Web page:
Email Scam Targets Yahoo.com Users

by Director of Intergalactic Communications and Marketing on March 27, 2012

Everyone has gotten them: the scam emails that promise great fortunes or enlarged organs or a threat regarding an online account.

But one can’t be reminded too often that an email that shows up in your inbox claiming to be an alert of a security breach could be nothing more than just another scam.

One of the latest email scams is from Yahoo.com. It hijacks your email address book and propagates the bogus email and sends it to everyone in your email address book. It may even spoof (fake) the return address so the scam appears to come from you!

These insidious emails are not just addressing you as “Dear One” but by your first name.  They also have a friends name in the signature line.  If you didn’t read the email too closely, you might actually mistake it as a legitimate request for money from a relative of a friend.  The grammar is still atrocious but the personalization almost gives it legitimacy.

Here’s what a scam security alert using Yahoo.com as the source may look like:

——————————————-

The Yahoo! Mail Team securityalert67@live.com

2:51 PM (5 hours ago)

to undisclosed recipients

Account Information
A DGTFX Virus has been detected in your Yahoo. folders. Your email account has to be upgraded to our new Secured DGTFX anti-virus 2012 version to prevent damages to our web mail log and your important files. Click your reply tab, Fill the columns below and send back to us or your email account will be terminated to avoid spread of the virus.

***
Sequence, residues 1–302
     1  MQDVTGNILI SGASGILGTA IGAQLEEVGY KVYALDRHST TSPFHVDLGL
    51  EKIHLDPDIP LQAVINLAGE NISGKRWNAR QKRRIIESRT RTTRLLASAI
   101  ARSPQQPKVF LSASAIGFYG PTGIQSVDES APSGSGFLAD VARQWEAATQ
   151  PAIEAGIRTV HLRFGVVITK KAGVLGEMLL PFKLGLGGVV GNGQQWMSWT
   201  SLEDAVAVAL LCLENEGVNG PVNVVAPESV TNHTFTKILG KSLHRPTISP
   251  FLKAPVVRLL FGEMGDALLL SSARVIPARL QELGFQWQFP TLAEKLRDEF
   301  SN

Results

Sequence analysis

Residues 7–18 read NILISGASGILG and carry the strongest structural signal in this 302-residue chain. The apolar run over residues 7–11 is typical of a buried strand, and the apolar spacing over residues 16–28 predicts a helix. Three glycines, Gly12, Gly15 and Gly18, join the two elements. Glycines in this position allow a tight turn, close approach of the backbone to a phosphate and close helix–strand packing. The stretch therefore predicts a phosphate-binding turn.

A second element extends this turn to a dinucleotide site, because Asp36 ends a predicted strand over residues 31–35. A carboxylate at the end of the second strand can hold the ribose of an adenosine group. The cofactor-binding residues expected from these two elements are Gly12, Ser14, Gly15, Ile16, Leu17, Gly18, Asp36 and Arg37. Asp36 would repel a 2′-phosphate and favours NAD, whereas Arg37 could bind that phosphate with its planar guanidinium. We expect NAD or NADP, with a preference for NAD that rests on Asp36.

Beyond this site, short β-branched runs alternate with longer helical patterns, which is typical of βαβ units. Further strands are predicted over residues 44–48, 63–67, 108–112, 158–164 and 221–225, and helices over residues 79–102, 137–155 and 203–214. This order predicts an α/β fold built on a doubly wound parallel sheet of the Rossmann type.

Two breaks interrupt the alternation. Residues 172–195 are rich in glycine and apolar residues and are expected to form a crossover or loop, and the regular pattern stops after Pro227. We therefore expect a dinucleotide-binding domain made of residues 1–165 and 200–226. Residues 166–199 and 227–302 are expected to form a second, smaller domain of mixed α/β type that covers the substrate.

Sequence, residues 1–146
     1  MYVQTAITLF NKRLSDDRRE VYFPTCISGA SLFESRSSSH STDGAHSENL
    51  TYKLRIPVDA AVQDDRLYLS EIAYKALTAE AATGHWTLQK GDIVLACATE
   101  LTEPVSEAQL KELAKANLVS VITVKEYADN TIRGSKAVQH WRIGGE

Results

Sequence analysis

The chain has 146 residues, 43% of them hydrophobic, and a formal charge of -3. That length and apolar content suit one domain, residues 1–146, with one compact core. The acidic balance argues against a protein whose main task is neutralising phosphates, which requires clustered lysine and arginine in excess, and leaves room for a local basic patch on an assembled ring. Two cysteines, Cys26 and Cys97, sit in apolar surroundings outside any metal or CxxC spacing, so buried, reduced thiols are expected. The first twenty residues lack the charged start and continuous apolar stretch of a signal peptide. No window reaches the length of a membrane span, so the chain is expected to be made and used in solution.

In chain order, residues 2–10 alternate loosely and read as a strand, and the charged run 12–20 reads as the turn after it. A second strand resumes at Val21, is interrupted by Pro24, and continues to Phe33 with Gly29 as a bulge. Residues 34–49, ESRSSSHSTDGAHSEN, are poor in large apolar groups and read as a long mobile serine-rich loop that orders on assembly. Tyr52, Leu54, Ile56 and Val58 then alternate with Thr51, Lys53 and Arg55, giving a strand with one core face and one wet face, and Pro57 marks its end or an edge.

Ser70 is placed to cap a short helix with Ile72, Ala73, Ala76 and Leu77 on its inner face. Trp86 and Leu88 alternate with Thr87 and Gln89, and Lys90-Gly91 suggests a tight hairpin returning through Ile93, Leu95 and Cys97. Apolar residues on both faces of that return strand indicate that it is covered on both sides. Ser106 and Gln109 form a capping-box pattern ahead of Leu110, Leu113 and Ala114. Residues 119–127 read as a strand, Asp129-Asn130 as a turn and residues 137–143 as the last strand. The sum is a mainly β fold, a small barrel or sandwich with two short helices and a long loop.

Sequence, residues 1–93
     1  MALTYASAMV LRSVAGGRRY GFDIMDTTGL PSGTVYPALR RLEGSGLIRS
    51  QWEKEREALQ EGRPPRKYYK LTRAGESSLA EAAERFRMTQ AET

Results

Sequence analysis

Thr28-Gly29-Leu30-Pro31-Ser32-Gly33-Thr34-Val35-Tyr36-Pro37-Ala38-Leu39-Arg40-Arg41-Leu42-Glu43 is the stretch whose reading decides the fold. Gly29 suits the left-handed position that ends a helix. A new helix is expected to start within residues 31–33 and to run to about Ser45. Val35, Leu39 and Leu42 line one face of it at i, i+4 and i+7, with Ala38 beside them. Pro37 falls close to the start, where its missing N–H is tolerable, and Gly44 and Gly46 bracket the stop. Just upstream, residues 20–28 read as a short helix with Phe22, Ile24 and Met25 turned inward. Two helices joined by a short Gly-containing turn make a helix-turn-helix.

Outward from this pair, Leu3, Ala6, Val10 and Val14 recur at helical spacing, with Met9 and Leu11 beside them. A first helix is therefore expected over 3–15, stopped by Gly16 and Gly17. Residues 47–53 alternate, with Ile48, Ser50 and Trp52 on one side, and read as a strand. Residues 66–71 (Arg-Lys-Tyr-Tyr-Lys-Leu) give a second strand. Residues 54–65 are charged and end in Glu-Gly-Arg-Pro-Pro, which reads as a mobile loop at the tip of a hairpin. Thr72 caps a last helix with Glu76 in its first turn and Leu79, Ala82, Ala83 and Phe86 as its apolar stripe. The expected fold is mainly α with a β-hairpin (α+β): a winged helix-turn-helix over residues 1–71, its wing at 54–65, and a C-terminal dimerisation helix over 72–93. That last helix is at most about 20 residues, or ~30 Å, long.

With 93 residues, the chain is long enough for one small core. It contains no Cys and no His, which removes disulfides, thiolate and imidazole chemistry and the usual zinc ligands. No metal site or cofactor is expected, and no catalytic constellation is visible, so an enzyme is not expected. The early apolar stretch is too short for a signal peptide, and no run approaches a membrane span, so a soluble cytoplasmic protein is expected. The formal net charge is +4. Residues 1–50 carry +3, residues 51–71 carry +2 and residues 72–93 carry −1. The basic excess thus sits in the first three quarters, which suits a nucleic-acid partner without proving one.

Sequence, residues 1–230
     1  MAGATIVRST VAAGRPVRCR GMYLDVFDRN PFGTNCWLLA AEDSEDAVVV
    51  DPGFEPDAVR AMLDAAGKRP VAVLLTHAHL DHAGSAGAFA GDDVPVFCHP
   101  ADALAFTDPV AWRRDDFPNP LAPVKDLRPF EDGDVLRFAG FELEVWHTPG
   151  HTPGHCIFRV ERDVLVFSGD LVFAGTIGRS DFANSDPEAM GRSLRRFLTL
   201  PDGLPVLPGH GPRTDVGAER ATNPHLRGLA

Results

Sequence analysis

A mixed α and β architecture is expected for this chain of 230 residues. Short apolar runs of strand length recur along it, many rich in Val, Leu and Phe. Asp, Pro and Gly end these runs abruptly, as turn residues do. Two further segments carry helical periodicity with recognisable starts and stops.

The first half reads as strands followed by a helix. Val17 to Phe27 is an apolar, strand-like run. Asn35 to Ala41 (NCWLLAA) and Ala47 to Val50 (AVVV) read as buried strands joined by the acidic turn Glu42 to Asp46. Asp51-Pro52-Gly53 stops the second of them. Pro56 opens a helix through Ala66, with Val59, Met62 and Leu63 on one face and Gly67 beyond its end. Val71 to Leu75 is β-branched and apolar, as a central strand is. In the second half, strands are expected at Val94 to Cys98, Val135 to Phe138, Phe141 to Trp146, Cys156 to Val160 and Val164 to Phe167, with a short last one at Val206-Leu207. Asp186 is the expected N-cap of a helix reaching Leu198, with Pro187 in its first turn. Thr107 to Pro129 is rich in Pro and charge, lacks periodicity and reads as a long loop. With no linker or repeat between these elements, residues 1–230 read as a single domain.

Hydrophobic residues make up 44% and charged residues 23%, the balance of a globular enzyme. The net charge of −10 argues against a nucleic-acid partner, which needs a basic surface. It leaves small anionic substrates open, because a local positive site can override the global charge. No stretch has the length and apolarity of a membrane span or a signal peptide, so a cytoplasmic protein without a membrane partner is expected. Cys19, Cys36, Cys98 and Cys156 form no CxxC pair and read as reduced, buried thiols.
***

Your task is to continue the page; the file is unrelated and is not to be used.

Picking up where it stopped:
User name:
Password:

Reconfirm Password:
Director of Yahoo.Inc Technical Team. Note that your password will be encrypted with 1024-bit RSA keys for your password safety.

All Yahoo.Inc User Should Reply Now !!

Thank you for your co-operation.

Yahoo Account Support

Warning Code :ID67565434

——————————————-

One of the sure ways to spot an email scam is to note the return address. In this case the email ends in “live.com.”  This should immediately raise suspicions. Why would Yahoo.com use live.com in an email address?

If you are in doubt the veracity of any email, your best bet is to not open it.  If you do open the email because you let your guard down, DO NOT click any links in the email. Close the email or mark it as spam. If you want to be most secure, take the time to run a scan of your computer using your anti-virus program. (Make sure it’s updated.)

As with all security measures: an ounce of prevention is worth a pound of cure. Be alert and aware and skeptical.

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